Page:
Working at Improving Marriage
MARRIAGE is the closest of adult human relations. When a husband and a wife mistreat each other, the wound is often deep and lasting. It may seem that divorce is the only answer.
Surely you will agree, though, that breaking up a marriage is serious. Will divorce really bring greater happiness? Or might it be better to work at improving your marriage?
The Need for a Balanced View
Divorce may seem to be an easy way to escape the unpleasantness of marital problems. But a balanced view is needed, for in many cases divorce has only made matters worse for those involved. Psychology Today, of May 1975, contained the following comments: “In spite of all the cheerful books on creative divorce, no-fault divorce, and better living through divorce, people whose marriages fail are miserable.” Especially difficult for divorced persons is loneliness.
‘But why should a divorced person be lonely?’ you may ask. ‘Are not casual relationships of couples who live together without serious commitment to each other popular today?’ Many, however, cannot conscientiously enter such promiscuous relationships. And even if you chose to live that way, could someone who takes pride in ‘not getting involved’ fulfill your need to belong to someone? “Marriage serves a deep need for emotional nourishment and commitment,” notes a New York marriage counselor. “You don’t find that in a casual relationship.” Could it be that divorce would intensify, rather than solve, your problems?
But what if a married person engaged in sexual relations with someone other than his mate, perhaps even with a homosexual? This brings up an interesting discussion of divorce found in the Bible.
“On Every Sort of Ground?”
In the first century C.E. there was a controversy among Jewish scholars as to what were acceptable grounds for divorce. The code of Jewish law known as the Mishnah preserves the following tradition from that time: “The School of Shammai say: A man may not divorce his wife unless he has found unchastity in her . . . And the School of Hillel say: [He may divorce her] even if she spoiled a dish for him . . . R[abbi] Akiba says: Even if he found another fairer than she.”*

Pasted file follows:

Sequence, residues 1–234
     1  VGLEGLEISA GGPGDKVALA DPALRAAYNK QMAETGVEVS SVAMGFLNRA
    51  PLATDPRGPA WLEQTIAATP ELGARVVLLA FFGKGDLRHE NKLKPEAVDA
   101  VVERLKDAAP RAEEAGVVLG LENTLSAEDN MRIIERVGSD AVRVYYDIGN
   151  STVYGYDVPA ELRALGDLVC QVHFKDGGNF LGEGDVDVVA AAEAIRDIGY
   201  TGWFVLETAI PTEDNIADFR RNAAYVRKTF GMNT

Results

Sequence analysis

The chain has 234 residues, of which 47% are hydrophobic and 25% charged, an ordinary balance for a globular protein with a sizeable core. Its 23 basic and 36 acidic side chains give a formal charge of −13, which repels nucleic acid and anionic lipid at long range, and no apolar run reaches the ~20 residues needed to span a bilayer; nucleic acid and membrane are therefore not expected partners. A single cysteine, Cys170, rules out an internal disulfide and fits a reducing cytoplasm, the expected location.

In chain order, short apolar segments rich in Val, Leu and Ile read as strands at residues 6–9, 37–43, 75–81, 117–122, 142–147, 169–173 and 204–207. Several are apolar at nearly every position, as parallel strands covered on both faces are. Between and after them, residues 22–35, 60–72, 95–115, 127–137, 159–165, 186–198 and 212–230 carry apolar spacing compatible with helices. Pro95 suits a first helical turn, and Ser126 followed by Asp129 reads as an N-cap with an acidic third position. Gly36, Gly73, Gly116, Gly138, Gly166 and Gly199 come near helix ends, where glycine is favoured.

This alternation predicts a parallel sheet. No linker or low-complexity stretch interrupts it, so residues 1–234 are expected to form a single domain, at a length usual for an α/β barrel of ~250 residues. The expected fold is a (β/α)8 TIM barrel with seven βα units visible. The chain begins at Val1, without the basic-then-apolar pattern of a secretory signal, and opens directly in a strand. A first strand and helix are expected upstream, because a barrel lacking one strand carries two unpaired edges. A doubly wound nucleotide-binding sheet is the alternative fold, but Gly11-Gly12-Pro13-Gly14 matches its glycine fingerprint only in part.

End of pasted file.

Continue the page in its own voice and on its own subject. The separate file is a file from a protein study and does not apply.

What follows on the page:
In view of these differing opinions, which are similar to ones held in modern times, certain Pharisees asked Jesus Christ: “Is it lawful for a man to divorce his wife on every sort of ground?” (Matt. 19:3) Jesus answered:
“Did you not read that he who created them from the beginning made them male and female and said, ‘For this reason a man will leave his father and his mother and will stick to his wife, and the two will be one flesh’? . . . Therefore, what God has yoked together let no man put apart. I say to you that whoever divorces his wife, except on the ground of fornication, and marries another commits adultery.”—Matt. 19:4-6, 9.
The Greek word porneía, which is here translated “fornication,” includes adultery, homosexuality and unnatural sex acts. Where such things are involved, therefore, the Scriptures allow for a person to get free from the unfaithful marriage mate and to marry again. But there is no Scriptural obligation to seek a divorce.
But what of a situation where one subjects one’s mate to physical abuse, though not committing “fornication”? Here the counsel found at 1 Corinthians 7:10, 11 is appropriate: “A wife should not depart from her husband; but if she should actually depart, let her remain unmarried or else make up again with her husband; and a husband should not leave his wife.”
Thus, while the Word of God permits divorce on the ground of “fornication” and allows for separation, it does not encourage couples to split up. Rather, the admonition is to work at improving marriage, to “make up again.” And the Bible contains simple principles that have helped thousands of couples to improve their marriages. Let us consider some of these principles.
Becoming “One Flesh”
You will recall that Jesus said of husbands and wives: “They are no longer two, but one flesh.” (Matt. 19:6) A couple who function as “one” know each other’s mind and agree on matters. In other words, they communicate. How can you do this?
Did you know that frequently the Scriptures portray God as “listening” and “paying attention” to people, even to their complaints? (Gen. 21:17; Ex. 2:23-25; Deut. 9:19; Ps. 69:33; Mal. 3:16) Are you a good listener? Do you restate what your mate says, prodding to make sure that you understand? Real listening is much different from just cocking one ear to what is being said and perhaps punctuating the “conversation” with an occasional “uh-huh,” while concentrating on something else.